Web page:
Free Surface

GHS can calculate the effects on stability of the liquid contents of tanks in a variety of ways. It automatically finds the centers of gravity of all liquids as they respond to the heel and trim of the ship. This is known as "true C.G. shifts" or sometimes as the "moment of transference method". It is the most realistic way to account for free surface, since it models what truly happens as the ship is heels and trims.

GHS can also use various "free-surface moment" techniques to account for stability degradation due to free surfaces of liquids in tanks. While these methods are not as realistic as true C.G. shifts, they have much tradition behind them and are still often preferred by regulatory agencies.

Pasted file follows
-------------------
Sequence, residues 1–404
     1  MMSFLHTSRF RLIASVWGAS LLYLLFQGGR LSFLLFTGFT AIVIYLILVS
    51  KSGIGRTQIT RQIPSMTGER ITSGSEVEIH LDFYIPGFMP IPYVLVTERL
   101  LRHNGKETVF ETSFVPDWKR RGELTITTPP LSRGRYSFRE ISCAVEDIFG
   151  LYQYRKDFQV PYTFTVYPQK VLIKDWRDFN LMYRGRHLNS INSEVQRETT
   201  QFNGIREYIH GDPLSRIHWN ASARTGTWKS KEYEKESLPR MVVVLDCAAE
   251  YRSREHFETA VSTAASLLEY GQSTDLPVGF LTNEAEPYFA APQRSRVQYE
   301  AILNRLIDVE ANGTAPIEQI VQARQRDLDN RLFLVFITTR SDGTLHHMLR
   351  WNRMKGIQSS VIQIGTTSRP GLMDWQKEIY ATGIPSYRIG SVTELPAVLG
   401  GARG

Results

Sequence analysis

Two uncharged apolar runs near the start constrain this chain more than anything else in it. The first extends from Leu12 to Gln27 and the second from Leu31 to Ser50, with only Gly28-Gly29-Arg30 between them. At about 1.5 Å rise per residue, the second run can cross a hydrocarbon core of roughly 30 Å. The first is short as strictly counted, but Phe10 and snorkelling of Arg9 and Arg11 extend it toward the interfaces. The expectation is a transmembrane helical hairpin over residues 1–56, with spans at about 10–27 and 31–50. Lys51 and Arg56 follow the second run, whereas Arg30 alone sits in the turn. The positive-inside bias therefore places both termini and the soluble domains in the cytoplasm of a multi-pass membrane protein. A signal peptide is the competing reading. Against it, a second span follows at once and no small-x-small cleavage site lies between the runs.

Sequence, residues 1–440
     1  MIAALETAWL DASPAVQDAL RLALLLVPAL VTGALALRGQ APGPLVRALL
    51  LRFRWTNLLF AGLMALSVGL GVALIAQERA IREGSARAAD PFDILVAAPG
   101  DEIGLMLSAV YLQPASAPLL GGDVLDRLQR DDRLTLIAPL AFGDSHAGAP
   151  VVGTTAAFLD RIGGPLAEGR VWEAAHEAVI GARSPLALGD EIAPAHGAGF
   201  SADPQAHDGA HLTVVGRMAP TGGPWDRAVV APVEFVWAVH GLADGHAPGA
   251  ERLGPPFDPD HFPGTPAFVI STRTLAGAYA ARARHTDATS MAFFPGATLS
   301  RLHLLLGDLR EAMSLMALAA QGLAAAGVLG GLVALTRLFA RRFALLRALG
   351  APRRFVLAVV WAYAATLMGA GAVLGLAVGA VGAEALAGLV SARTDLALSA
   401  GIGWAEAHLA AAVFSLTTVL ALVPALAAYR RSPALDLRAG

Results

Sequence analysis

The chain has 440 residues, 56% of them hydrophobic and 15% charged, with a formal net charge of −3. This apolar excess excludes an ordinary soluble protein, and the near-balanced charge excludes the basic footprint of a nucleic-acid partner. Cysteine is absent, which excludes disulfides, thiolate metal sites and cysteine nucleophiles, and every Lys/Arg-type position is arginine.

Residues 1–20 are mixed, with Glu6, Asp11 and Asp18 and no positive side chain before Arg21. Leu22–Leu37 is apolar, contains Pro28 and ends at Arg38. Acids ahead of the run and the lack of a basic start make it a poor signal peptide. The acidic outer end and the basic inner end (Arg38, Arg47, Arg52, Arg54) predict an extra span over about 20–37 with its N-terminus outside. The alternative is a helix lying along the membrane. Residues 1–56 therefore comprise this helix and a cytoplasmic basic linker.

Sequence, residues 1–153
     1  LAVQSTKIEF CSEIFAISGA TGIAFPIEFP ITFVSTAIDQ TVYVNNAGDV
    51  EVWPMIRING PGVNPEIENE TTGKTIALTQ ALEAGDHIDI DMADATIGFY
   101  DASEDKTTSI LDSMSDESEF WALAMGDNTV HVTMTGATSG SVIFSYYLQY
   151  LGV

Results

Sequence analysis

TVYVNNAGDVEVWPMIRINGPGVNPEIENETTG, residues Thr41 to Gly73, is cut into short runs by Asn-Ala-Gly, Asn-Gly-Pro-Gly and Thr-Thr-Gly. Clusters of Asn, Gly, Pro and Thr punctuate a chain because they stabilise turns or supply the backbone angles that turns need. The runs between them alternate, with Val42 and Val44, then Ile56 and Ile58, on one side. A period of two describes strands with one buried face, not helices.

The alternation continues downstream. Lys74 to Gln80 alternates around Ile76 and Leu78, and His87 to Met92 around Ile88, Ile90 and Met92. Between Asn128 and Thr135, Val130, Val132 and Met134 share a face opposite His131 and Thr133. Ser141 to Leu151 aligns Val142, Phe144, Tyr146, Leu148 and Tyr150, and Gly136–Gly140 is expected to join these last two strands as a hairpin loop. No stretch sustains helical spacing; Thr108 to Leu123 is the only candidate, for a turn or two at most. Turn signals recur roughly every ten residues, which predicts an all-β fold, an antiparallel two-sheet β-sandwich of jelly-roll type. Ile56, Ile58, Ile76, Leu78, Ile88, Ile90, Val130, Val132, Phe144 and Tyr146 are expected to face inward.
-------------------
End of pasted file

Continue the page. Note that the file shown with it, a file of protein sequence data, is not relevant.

For the purpose of assigning free surface moments, GHS has several mechanisms which give the user the ability to meet the requirements of various regulations. Often these regulations require not the true free surface moment in a given condition but a "formal" value derived by other means.

GHS allows one or two free-surface moment "methods" to be assigned to each tank. The method may return the true free surface moment in a given condition or a predetermined value such as the maximum free surface moment from a range of tank loadings. If two methods are assigned, the first applies to tank loads from zero up to 95% load while the second method applies at 95% and above.

GHS also provides for "floor" (minimum) values of free surface moment, both overall and with respect to each type of liquid being carried.

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Creative Systems, Inc.